Here’s a traditional Swedish farm accessory for gunk-laden soles. The dimensions are not critical, but be sure the edges of the slats are fairly sharp?they’re what makes the boot scraper work. Cut slats to length, then cut triangular openings on the side of a pair of 2x2s. A radial arm saw works well for this, but a table saw or band saw will also make the cut. Trim the 2x2s to length, predrill, and use galvanized screws to attach the slats from underneath. If you prefer a boot cleaner that has brushes, check out this clever project.
And this is the front side which is where I primarily stand when using the table. The top surface has 3/4” holes on 4” centers to allow clamping material pretty much anywhere on the table. It also features a hollow torsion box design for added stiffness to the top surface and empty space just below the work surface to place hand tools out of the way when working on something.
If you bought this superb polished table in a store, it would cost you a fortune, but our detailed instructions will help you make one for less than $100. And it looks like highly polished stone, but no-one would know it’s actually made from concrete with a wooden base. Also, you can embellish the top with leaf prints, like the table shown here, or personalize it with glass or mosaic tiles or imprints of seashells.
The table saw is always connected to my dust collector with a couple pieces of 4” flex hose and some 4” sewer and drain PVC pipe and a homemade blast gate. The port on the table saw is at the rear of the cabinet and this particular area of the shop sees the least amount of foot traffic so I have no problem just leaving the ducting on the floor. I also always have a few other cords on the floor here. I see this as the same principle as walking onto a porch. You know the steps are there so you pick up your feet. I know the pipe is there so I pick up my feet. Not a trip hazard in my opinion.
Lumber and supplies are moved in and out of the shop through the front overhead door. To the left of the door are the lumber and plywood storage racks. Across from the lumber rack and to the right of the overhead door is the radial arm saw, miter saw and mortise utilizing a single fence system for all operations. Below and above these are cabinets and storage for misc. power hand tools. Next to the radial arm saw and in the corner is the floor drill press with accessory storage next to it for all drilling operations. Across from the radial arm saw is a separate workstation set up with a small portable table saw and router set-up with storage underneath for routers, bits and accessories.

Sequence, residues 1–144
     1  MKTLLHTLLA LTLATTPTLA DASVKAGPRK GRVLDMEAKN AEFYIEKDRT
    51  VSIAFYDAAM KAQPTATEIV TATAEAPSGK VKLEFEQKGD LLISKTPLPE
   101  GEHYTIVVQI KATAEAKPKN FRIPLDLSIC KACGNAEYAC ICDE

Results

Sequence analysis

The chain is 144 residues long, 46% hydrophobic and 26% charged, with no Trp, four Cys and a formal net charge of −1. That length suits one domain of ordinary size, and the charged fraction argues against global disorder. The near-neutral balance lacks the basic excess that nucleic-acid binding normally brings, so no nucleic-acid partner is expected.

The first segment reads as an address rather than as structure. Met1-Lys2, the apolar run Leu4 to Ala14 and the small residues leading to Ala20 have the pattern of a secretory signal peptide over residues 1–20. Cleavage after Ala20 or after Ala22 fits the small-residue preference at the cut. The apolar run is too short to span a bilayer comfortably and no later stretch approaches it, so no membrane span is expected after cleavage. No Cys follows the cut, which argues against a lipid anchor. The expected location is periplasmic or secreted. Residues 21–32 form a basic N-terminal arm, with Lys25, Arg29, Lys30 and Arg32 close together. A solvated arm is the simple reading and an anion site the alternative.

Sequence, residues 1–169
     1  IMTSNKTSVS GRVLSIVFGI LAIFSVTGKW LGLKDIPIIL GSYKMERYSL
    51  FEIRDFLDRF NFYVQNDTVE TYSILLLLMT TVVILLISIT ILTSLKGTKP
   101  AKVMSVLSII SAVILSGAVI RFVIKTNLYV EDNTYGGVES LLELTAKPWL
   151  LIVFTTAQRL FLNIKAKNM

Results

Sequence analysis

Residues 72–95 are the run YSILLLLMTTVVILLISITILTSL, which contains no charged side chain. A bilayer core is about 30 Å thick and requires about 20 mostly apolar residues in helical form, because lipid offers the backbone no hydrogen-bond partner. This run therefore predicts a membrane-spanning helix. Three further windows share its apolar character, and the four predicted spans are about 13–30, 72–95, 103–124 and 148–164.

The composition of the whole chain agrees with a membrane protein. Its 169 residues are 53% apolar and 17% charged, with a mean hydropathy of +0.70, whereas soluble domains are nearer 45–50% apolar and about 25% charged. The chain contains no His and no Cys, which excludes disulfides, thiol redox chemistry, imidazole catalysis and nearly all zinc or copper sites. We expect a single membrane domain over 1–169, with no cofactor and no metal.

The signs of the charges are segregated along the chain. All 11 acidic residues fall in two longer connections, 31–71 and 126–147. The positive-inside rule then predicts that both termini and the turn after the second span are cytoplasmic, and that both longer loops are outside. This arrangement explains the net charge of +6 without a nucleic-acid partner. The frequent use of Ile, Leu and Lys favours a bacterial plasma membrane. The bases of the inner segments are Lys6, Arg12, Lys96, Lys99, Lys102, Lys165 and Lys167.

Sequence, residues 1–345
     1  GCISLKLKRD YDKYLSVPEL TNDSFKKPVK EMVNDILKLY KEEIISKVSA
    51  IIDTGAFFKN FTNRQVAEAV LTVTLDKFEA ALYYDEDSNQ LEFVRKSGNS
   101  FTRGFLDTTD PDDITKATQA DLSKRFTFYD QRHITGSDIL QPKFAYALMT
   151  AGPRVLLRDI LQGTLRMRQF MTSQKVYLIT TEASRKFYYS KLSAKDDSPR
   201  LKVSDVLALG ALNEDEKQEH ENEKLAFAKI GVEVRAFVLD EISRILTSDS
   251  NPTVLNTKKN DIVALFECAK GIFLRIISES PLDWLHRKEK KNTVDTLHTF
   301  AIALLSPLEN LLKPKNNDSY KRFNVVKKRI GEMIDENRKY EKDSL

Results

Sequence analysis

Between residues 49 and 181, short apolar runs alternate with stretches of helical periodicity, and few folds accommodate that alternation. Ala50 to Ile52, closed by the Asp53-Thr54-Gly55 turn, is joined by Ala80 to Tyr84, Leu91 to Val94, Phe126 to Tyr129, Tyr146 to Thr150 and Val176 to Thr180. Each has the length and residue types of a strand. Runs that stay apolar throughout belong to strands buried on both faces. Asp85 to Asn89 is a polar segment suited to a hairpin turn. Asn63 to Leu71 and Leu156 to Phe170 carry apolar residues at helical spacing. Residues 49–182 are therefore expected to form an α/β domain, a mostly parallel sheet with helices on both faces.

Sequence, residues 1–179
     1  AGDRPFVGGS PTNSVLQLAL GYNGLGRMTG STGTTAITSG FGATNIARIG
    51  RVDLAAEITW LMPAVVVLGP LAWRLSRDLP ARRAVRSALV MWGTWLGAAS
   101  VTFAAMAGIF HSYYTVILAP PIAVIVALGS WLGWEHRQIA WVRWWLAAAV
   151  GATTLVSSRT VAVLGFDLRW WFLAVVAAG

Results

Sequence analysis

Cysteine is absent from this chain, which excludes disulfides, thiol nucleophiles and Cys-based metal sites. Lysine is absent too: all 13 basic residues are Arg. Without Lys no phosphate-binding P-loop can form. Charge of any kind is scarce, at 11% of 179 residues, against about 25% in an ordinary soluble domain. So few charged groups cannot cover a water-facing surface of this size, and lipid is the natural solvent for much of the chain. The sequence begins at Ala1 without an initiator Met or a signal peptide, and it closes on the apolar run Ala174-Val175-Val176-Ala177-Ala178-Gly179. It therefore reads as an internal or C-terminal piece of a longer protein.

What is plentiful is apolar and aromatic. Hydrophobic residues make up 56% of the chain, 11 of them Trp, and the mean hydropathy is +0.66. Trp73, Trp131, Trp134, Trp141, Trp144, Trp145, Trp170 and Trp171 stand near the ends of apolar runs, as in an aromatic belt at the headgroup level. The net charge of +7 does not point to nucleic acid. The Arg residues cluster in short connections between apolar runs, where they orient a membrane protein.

Drill four 5/8-in.-dia. 1/2-in.-deep holes on the large disc?inside the traced circle?then use 5/8-in. dowel centers to transfer the hole locations to the underside of the small disc. Drill four 1/2-in.-deep holes on the underside of the small disc and a 1/2-in.-deep hole in the center of the top for the dowel handle. Glue in the dowels to join the discs, and glue in the handle. We drilled a wood ball for a handle knob, but a screw-on ceramic knob also provides a comfortable, attractive grip.
This is not a guide to shop layout. That may, in fact come later, depending on how much time I devote to this web site. These are important issues that you must consider as you design your shop. My shop is in my garage. Even as we were picking out house designs I knew it would be in my garage. That means that there isn’t a time since we decided to build that I haven’t been considering these issues, and planning and changing plans. That is the nature of it. I knew what I would settle for as a minimum, and made sure it was expendable enough to ensure I could change my mind if I needed or wanted.
This particular tray is made using reclaimed barn wood but the author of the project Beyond The Picket Fence surprised everyone with one fact: reclaimed barn wood has often some areas turned pink due to cow urine. If you check the project more closely, you’ll also notice some areas of the tray being almost bright pink. That’s something you don’t see every day!